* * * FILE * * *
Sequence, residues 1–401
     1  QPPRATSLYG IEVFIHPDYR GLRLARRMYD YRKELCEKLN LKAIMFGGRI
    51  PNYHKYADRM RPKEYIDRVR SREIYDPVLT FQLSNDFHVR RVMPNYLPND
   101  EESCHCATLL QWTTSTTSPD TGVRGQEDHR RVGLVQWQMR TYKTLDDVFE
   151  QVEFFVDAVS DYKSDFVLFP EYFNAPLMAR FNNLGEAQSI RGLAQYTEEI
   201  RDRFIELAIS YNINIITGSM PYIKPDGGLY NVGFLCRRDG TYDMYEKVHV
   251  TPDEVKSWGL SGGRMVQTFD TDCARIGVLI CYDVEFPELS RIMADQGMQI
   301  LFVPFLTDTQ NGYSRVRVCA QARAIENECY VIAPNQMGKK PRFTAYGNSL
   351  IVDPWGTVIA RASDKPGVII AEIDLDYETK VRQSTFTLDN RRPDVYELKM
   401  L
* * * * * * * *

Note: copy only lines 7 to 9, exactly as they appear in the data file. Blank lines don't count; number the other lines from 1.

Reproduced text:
   251  TPDEVKSWGL SGGRMVQTFD TDCARIGVLI CYDVEFPELS RIMADQGMQI
   301  LFVPFLTDTQ NGYSRVRVCA QARAIENECY VIAPNQMGKK PRFTAYGNSL
   351  IVDPWGTVIA RASDKPGVII AEIDLDYETK VRQSTFTLDN RRPDVYELKM